Date of Award

2011

Degree Type

Dissertation

Degree Name

Doctor of Philosophy (PhD)

Department

Psychology

Abstract

Pretrial publicity (PTP), defined as any news story about a case not yet in trial, has been shown to affect trial outcomes. Results, however, are mixed, with studies finding strong effects, others weaker effects, and some no effects. These differences are sometimes attributed to methodology and study stimuli. In the present research, the effect of participant attitudes was explored. Participant attitudes can have a strong influence on perceptions about a piece of information, and could explain differences in use of PTP as well as findings that judicial remedies to alleviate PTP effects are ineffective. Participants were exposed to one of four news articles, containing information on confession, prior record, or resisting arrest, or only neutral information. They took a measure of legal attitudes, including questions relevant to the negative PTP information received, and then read a trial transcript of an assault on a middle-aged man. Participants then received standard jury instructions, a specific admonition to ignore PTP, or a specific admonition with the additional statement that PTP can be unreliable.

Results differed by content of PTP. Participants receiving confession PTP assigned higher guilt ratings overall; strong instructions increased guilt ratings and guilty verdicts among participants receiving confession PTP. Participants receiving resisting arrest PTP and specific instructions assigned higher guilt ratings than participants receiving neutral PTP and specific instructions. Finally, among participants receiving prior record PTP, a weak attitude toward a prior record as indicative of guilt and standard instructions resulted in lower guilt ratings than participants receiving neutral PTP; the effects were reversed for participants with a strong attitude that having a prior record indicates guilt. Stronger instructions weakened the effects of attitude and PTP. Results suggest that instructions specifically addressing PTP information may only ameliorate PTP effects in certain situations, and that psychological reactance, thought suppression and ironic processes provide better explanations for use of PTP, despite instructions to discourage use, than belief perseverance. Additionally, the effects of other attitudes specific to the case and the relationship between guilt ratings and verdicts were explored. Future research should continue to explore relationship among attitudes, evidence, PTP, and outcomes.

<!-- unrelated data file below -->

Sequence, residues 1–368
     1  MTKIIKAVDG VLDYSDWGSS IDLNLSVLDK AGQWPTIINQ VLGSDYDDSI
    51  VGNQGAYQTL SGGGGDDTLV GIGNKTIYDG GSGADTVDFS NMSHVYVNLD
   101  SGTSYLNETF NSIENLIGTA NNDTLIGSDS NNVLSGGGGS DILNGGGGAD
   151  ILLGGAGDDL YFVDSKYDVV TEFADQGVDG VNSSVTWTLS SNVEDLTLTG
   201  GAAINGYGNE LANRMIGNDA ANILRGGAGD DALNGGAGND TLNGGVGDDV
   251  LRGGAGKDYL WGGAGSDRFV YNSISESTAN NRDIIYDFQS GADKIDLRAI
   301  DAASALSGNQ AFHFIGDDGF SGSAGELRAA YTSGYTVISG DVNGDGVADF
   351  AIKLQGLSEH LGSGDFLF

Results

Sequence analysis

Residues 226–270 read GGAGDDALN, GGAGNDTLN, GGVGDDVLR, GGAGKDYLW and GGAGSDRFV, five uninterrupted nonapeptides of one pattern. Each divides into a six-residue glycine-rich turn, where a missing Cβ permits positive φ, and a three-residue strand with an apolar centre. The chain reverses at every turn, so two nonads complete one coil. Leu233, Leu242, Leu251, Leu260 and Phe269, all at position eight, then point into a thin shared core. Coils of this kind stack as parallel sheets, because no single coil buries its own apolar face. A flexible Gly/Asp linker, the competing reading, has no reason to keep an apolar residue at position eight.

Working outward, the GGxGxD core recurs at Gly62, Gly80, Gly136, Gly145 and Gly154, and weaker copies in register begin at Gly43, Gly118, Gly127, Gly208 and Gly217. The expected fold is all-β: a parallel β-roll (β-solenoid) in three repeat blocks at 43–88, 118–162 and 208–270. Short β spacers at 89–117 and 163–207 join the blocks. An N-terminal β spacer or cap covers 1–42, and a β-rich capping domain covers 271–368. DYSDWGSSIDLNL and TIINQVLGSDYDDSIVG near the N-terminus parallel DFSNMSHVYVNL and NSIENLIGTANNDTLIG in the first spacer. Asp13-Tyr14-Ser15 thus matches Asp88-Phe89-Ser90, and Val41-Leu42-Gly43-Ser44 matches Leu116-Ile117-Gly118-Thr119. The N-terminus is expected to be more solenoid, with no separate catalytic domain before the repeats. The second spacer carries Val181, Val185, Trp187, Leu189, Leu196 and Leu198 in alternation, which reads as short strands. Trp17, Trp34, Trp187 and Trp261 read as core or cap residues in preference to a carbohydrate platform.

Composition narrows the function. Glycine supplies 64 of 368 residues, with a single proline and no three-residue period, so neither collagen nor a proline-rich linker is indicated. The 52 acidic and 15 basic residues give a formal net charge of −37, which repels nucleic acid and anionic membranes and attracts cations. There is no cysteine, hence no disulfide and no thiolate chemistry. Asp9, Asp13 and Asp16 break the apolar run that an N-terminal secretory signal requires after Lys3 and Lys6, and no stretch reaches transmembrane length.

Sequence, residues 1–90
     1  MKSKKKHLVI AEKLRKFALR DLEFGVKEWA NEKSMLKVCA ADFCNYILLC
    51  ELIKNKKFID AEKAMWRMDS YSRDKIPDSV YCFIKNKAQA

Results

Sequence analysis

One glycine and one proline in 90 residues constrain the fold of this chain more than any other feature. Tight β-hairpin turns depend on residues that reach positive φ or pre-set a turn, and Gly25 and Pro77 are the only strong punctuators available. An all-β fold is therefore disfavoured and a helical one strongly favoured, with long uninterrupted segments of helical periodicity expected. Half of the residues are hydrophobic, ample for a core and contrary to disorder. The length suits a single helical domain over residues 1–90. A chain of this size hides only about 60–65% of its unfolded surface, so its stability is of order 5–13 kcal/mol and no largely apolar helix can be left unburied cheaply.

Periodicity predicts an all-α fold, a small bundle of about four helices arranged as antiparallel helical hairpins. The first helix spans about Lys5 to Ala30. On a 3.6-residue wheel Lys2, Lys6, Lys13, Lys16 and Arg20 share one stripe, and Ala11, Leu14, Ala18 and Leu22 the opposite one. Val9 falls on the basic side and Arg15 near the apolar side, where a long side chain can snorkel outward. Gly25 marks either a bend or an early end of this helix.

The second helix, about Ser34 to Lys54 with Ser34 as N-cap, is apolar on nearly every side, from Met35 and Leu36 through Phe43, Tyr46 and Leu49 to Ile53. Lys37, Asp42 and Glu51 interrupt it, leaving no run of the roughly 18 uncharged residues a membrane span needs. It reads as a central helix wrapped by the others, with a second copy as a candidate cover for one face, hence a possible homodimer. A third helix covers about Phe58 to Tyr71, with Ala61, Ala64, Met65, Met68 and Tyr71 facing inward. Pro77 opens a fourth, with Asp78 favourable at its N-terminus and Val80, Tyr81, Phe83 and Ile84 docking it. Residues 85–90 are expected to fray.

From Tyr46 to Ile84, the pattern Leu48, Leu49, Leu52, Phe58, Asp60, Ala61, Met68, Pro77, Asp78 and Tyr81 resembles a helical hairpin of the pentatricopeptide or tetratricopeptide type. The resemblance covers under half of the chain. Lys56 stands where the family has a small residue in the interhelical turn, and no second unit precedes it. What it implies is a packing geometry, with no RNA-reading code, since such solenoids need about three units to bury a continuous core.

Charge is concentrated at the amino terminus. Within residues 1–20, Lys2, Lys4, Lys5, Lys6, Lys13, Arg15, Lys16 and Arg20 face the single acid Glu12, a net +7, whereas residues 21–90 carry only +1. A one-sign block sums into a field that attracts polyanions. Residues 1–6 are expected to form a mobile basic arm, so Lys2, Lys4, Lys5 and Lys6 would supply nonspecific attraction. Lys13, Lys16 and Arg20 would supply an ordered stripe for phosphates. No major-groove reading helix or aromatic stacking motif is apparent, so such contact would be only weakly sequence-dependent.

Creative Commons License

Creative Commons License
This work is licensed under a Creative Commons Attribution-Noncommercial-No Derivative Works 3.0 License.

Share

COinS